As President Trump nears a decision on withdrawing from the Paris climate agreement, an accord that every nation except two signed onto during the Obama era, his administration faces blowback from all sides, including those within his cabinet. France's newly-appointed President Emmanuel Macron just issued a video statement, urging POTUS and the American people to support climate change, and to stay in the agreement. Former president Barack Obama also just addressed the topic in a speech at the Seed & Chips summit in Milan yesterday, highlighting his own climate change efforts. Now, there's a major name in the fashion realm that's speaking up: Tiffany & Co. has joined the conversation with an open letter to President Trump.
The brand posted a message directly addressing the President on its Twitter and Instagram accounts, and has also taken out an ad in today's issue of The New York Times. "Tiffany strongly supports keeping the U.S. in the #ParisAgreement," the brand wrote, followed by a message, shown below, that's succinct, poignant, and powerful. As for reactions to the tweet, some have praised Tiffany & Co. for its efforts in speaking out, while others have been more critical, asking why people should care about what a fashion brand thinks when it comes to climate change. It's the first jewelry brand of Tiffany's scale to speak out about climate change, in addition to other industry names that have continued working toward a more eco-friendly production process that's less harmful to the environment, such as H&M, Levi's, and Patagonia.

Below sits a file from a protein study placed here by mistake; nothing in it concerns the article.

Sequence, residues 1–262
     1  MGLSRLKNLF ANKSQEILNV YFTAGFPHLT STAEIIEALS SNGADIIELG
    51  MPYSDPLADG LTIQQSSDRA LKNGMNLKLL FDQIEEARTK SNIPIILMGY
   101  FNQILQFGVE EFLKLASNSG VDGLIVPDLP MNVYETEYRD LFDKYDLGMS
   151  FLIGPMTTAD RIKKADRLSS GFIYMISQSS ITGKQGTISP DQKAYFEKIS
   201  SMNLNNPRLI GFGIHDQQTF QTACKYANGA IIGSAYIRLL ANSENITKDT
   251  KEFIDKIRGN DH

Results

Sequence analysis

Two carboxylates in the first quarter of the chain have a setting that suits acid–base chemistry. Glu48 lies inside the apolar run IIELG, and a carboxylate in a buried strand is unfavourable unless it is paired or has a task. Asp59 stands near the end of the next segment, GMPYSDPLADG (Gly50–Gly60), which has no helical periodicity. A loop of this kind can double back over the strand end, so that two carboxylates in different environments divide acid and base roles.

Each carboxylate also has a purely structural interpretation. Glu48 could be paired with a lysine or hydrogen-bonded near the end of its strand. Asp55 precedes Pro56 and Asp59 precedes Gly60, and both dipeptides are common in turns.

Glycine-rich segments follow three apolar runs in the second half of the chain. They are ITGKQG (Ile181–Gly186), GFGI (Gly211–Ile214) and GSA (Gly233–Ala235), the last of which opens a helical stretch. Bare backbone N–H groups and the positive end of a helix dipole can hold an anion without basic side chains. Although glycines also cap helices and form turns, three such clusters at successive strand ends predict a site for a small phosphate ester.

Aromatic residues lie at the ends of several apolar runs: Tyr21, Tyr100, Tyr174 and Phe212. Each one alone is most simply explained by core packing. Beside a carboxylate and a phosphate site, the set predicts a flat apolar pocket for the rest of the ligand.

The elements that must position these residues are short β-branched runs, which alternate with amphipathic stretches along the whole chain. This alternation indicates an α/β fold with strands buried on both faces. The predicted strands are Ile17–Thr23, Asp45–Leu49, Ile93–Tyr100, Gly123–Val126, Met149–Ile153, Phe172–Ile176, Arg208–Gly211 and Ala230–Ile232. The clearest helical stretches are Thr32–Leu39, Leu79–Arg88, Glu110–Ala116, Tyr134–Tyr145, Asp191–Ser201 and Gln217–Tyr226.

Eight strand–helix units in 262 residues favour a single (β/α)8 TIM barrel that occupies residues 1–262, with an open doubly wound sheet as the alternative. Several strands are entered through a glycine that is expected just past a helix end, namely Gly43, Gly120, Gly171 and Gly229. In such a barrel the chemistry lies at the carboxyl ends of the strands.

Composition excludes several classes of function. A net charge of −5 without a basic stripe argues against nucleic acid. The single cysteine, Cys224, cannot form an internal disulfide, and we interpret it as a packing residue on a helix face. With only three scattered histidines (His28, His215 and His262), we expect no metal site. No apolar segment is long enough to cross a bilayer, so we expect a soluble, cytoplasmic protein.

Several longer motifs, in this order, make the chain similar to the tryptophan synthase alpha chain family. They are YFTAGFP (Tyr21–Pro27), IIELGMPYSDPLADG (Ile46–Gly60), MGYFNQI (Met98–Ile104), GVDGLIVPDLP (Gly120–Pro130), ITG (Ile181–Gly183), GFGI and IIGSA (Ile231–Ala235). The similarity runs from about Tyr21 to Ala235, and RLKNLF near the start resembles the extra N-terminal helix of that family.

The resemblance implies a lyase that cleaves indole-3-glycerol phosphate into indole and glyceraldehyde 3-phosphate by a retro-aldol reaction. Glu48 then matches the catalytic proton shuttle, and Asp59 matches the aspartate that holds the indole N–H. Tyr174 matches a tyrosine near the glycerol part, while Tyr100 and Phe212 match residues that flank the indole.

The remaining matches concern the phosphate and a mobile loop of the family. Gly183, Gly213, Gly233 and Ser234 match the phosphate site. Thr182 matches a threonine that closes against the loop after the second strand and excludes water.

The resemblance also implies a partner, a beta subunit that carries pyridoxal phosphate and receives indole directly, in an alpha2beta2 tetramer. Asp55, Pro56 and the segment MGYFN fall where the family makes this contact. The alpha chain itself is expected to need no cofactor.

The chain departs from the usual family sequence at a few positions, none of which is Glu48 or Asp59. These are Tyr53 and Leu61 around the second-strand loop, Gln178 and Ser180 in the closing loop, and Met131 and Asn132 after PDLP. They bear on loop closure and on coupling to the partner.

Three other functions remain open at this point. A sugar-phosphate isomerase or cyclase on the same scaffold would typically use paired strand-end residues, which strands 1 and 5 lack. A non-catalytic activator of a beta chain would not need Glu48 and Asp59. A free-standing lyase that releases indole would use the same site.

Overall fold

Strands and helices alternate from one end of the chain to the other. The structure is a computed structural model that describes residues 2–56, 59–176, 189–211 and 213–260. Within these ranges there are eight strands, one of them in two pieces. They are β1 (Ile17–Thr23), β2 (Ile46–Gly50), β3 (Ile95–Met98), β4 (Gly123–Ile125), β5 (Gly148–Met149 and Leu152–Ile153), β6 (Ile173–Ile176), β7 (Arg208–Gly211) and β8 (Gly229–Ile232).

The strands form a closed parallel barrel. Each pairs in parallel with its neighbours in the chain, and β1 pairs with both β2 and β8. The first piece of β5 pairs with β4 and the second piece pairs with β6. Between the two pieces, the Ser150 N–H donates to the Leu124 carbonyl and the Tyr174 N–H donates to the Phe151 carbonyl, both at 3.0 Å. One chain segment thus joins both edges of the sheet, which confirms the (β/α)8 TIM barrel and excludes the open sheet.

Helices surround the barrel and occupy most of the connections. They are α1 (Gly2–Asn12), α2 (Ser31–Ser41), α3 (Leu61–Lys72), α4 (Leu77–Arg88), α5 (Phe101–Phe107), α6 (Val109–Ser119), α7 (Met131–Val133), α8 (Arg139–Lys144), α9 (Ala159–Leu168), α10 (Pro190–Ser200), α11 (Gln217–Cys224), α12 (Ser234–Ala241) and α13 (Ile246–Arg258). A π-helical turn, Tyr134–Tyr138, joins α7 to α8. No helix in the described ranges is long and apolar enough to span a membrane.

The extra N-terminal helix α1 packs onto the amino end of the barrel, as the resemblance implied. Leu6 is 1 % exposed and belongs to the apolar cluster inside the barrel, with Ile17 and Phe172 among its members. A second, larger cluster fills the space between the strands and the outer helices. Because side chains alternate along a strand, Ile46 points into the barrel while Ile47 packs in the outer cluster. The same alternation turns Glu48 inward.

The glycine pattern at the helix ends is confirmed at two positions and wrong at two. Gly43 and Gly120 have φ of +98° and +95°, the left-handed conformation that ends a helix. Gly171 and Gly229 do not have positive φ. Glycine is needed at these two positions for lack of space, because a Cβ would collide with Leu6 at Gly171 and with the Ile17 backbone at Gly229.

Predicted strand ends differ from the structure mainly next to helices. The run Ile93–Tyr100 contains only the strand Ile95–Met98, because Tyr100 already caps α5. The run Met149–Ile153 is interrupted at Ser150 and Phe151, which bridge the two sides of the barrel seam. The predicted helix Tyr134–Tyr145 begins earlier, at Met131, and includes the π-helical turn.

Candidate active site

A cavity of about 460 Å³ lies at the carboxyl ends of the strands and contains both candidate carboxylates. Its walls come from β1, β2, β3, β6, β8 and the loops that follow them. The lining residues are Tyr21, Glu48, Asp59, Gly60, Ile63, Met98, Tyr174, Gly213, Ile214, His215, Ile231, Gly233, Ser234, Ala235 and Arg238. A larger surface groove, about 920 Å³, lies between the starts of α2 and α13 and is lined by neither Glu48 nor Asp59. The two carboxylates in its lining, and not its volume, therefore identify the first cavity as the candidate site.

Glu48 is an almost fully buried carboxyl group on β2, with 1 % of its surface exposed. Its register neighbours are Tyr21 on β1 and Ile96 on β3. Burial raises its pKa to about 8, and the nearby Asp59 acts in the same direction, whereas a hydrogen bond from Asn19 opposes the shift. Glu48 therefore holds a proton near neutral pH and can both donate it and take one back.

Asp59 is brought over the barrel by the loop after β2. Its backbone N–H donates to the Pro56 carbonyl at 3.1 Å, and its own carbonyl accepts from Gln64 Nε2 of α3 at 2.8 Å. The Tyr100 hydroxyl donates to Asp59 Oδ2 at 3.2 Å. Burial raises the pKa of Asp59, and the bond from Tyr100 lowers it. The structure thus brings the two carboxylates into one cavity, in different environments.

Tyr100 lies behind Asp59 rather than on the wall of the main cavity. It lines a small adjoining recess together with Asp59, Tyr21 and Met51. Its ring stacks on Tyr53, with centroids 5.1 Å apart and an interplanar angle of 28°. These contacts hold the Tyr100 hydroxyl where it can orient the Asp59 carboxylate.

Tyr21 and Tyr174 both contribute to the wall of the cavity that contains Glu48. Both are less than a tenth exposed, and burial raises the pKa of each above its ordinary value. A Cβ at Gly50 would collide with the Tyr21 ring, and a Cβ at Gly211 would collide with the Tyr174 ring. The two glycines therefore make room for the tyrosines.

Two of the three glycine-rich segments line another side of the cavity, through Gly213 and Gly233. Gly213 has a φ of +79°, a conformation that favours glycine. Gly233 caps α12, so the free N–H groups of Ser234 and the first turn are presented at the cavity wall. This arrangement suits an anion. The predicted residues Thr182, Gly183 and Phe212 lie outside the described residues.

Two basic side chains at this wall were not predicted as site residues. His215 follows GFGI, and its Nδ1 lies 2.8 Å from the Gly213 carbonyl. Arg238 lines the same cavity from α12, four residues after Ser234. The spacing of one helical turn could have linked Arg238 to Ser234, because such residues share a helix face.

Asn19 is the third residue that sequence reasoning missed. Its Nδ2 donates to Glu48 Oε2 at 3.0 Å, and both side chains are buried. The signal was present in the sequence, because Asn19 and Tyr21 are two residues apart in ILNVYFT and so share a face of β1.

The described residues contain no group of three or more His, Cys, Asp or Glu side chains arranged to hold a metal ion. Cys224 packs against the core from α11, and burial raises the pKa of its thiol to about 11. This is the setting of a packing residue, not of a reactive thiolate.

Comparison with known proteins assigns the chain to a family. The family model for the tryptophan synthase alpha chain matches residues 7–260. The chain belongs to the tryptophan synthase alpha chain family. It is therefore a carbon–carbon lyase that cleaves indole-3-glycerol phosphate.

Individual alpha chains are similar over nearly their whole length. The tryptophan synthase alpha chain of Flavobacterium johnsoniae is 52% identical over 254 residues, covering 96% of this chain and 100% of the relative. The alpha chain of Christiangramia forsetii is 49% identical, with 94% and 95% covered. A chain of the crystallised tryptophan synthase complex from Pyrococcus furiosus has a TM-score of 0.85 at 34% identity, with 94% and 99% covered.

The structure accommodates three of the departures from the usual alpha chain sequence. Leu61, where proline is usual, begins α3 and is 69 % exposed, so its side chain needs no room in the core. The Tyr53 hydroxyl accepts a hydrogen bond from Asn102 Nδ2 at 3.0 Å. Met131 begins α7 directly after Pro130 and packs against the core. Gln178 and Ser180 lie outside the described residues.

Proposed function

The brand provided Refinery29 with a statement regarding its powerful social media posts and Times ad: “As part of Tiffany & Co.’s commitment to sustainability, we support the global movement to act on climate change," Anisa Kamadoli Costa, Tiffany & Co.'s chief sustainability officer, said in the statement. "Using our brand to advocate for this important issue – in addition to Tiffany’s long-term goal of net zero greenhouse gas emissions by 2050 – is one of the most important actions we can take."
Throughout his campaign, President Trump vowed to withdraw the U.S.'s involvement in the Paris Agreement in defense of job creation and competitive markets. Back in 2012, he tweeted that he believed the concept of global warming was created "by and for" the Chinese, "to make U.S. manufacturing non-competitive." The accord requires countries to reduce their greenhouse gas emissions, in order to slow down the rising of global temperatures to catastrophic levels. Obama's climate change efforts improved wind power production and increased solar power production, making the costs for renewable energy now comparable to those of oil and gas.
Tiffany & Co., which considers itself a leader in the luxury market, underscores how the brand maintains strict, meticulous standards in terms of where they produce their products, and how its manufacturing practices impact the environment. "We understand that the long-term resilience of our planet and its natural resources, the well-being of people and the success of our business go hand-in-hand, which is why it is key for us to have a positive impact where we operate," the Sustainability section of its website reads. The brand also strives to be transparent with its customers, and that includes posting its entire sustainability report online.
At the moment, the Trump administration has postponed making a decision about whether or not the U.S. will withdraw from the Paris Agreement. But it's important to share messages like these, whether they originate from a fashion brand, a celebrity, or a politician, in our efforts to fight for the protection of our planet, and we applaud Tiffany & Co. for speaking out on the topic of climate change.